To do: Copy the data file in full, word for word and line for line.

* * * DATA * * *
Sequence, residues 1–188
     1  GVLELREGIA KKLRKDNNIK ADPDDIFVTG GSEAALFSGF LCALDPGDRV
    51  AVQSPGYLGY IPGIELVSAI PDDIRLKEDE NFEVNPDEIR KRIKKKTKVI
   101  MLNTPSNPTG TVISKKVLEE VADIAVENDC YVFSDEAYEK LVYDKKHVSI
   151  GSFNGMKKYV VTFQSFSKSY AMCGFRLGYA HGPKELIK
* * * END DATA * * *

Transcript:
Sequence, residues 1–188
     1  GVLELREGIA KKLRKDNNIK ADPDDIFVTG GSEAALFSGF LCALDPGDRV
    51  AVQSPGYLGY IPGIELVSAI PDDIRLKEDE NFEVNPDEIR KRIKKKTKVI
   101  MLNTPSNPTG TVISKKVLEE VADIAVENDC YVFSDEAYEK LVYDKKHVSI
   151  GSFNGMKKYV VTFQSFSKSY AMCGFRLGYA HGPKELIK